January was an ugly start to the year for the capital markets with the S&P 500 index declining more than 11% at its worst point before recovering to a loss of 5% for the month. While there were ancillary concerns such as corporate earnings, inflation, and geopolitical risks (e.g., Russia / Ukraine), it seemed as though the path of monetary policy was the primary force that drove markets lower. Central banks globally have begun the process of paring back their ultra-accommodative monetary policies that were enacted to combat the negative impact on their economies that resulted from the global pandemic. Our central bank, the US Federal Reserve, communicated in January their intention to follow suit by likely raising base lending rates to 0.75%-1.00% in 2022 as well as to end their systematic program of purchasing fixed income securities that helped to provide stability and liquidity to fixed income markets and artificially depress long-term interest rates. Additionally, it was implied that the US Federal Reserve could begin to reduce its holdings of fixed income securities sooner than expected, potentially later this year.
The Ark Innovation Fund (ARKK) rose to prominence in 2020 after the fund’s timely positioning in investments like Tesla resulted in outsized gains. Unfortunately, most of the fund’s investors never participated in those gains, as nearly $100 billion entered the fund in late 2020 and early 2021, just before performance peaked.
The research that follows seeks to outline exactly why we remain optimistic for economic growth in 2022, and why it could be an exciting year to invest. Thank you for your continued confidence in our management of your wealth.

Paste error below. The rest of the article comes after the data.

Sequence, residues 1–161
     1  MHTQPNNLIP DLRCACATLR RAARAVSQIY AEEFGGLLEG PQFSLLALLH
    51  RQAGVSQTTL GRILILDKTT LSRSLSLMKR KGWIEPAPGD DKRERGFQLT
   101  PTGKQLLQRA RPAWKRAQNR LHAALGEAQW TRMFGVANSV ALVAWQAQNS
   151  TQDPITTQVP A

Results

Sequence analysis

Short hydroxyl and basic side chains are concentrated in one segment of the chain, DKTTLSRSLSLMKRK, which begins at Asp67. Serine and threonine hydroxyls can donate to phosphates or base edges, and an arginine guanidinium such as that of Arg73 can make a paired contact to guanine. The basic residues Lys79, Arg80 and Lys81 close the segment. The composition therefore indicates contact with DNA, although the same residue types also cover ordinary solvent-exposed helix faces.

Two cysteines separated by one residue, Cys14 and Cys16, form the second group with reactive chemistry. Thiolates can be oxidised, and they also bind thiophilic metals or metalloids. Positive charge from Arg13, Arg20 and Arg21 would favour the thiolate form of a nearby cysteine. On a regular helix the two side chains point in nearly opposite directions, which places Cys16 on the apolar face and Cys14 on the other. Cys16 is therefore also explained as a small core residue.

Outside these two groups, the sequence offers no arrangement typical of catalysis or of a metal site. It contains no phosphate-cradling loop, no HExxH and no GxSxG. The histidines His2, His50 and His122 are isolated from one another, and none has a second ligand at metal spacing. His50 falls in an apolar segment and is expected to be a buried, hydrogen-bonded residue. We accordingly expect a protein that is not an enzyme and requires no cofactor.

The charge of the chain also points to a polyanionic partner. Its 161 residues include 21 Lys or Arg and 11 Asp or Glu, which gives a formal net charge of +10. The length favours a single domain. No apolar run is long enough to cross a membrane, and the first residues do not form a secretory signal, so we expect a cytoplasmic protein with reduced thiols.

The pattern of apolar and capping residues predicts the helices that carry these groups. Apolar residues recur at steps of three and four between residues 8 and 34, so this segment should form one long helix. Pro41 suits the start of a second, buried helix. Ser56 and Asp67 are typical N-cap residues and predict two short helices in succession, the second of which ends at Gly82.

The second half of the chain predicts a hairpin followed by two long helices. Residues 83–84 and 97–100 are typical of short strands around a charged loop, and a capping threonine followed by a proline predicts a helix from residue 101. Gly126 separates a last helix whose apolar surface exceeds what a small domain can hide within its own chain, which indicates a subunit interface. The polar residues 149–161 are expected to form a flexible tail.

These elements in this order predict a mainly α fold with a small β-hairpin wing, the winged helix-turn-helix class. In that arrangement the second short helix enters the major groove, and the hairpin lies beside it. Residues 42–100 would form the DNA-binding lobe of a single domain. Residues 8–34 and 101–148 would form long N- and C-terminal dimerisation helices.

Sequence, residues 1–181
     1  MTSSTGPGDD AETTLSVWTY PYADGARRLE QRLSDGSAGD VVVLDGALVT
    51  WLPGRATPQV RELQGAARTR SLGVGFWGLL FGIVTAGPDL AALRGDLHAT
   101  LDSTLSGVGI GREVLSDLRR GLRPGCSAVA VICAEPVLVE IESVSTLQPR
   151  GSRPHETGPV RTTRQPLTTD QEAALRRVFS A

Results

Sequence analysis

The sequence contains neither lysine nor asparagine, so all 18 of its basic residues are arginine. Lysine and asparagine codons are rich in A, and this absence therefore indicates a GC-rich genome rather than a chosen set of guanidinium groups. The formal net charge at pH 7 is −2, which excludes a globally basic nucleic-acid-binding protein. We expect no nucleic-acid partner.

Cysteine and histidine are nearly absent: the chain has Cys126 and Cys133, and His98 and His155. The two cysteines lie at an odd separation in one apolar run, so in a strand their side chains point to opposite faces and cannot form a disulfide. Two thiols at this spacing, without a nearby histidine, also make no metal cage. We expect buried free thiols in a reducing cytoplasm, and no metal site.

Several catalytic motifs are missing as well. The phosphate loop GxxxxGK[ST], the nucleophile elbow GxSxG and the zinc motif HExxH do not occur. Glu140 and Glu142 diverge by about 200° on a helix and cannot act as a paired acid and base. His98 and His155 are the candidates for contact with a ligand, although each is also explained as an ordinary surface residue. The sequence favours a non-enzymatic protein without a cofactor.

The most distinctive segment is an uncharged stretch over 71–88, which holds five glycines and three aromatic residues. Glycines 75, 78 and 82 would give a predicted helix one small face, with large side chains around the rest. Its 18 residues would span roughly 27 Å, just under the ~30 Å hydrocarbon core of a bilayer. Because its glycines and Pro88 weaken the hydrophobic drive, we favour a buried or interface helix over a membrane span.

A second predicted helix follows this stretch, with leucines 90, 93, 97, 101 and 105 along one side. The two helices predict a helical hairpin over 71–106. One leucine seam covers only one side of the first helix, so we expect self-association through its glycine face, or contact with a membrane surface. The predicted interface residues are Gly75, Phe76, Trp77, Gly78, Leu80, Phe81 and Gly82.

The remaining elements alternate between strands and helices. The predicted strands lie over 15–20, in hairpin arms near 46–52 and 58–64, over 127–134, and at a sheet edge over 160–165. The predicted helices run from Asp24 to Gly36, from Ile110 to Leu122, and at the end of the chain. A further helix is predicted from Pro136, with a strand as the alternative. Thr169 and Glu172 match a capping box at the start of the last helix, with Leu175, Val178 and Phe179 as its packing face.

The Risk-Taking Score (RTS) should be utilized relative to your long-term strategic asset allocation selected by you and your financial advisor. The RTS is meant to be illustrative of our Investment Committee’s view toward the overall investing environment in the short-to-intermediate term (0-3 years) and how your portfolio should be positioned accordingly relative to your long-term strategic allocation.
US economic growth remains in an upward trajectory. Inflation and supply chain-related issues continue to receive media attention, but these issues are largely driven by very robust demand for goods and services. Much of this demand is being driven by households which, on average, are in the best financial position in decades as a result of fiscal stimulus and low interest rates. Labor markets have been improving rapidly, with the unemployment rate dropping to 4.0% in January as 467,000 net new jobs were added. US manufacturing new orders are robust, and we have not yet seen evidence of a concerning build-up in inventories that has predicated past recessions. However, the sharp rise in inflation which began in summer 2021 coincided with a swift reversal of household sentiment as those surveyed responded with concerns that higher prices would erode their standard of living. We expect the rate of inflation to peak and trend toward more normal levels in 2022 as the pandemic recedes, fiscal and monetary stimulus are pared back, and energy prices stabilize.
As of February 4, 56% of S&P 500 companies had reported Q4 2021 results. More than three-quarters of those companies outperformed analysts’ consensus expectations for revenue and profit, though increasingly companies like Netflix and Peloton have mentioned slowing expectations in the quarters ahead, and firms like Goldman Sachs have cited significant increases in their compensation costs. All of which have contributed to increased market volatility in January.
When assessing stock market valuation, investors often first look to the S&P 500 index as a gauge. The combination of earnings growth and share price declines in January have served to push the index’s price-to-earnings ratio down toward a more historically normal range. In last month’s letter, we highlighted the significant concentration of the S&P 500’s top holdings in large cap growth stocks, which saw outsized declines in January. This led to the S&P 500 underperforming an equally-weighted index during the month.
Source: FactSet, FRB, Robert Shiller, Refinitiv Datastream, Standard & Poor’s, Thomson Reuters, J.P. Morgan Asset Management as of January 28, 2022.
Source: JPMorgan as of January 28, 2022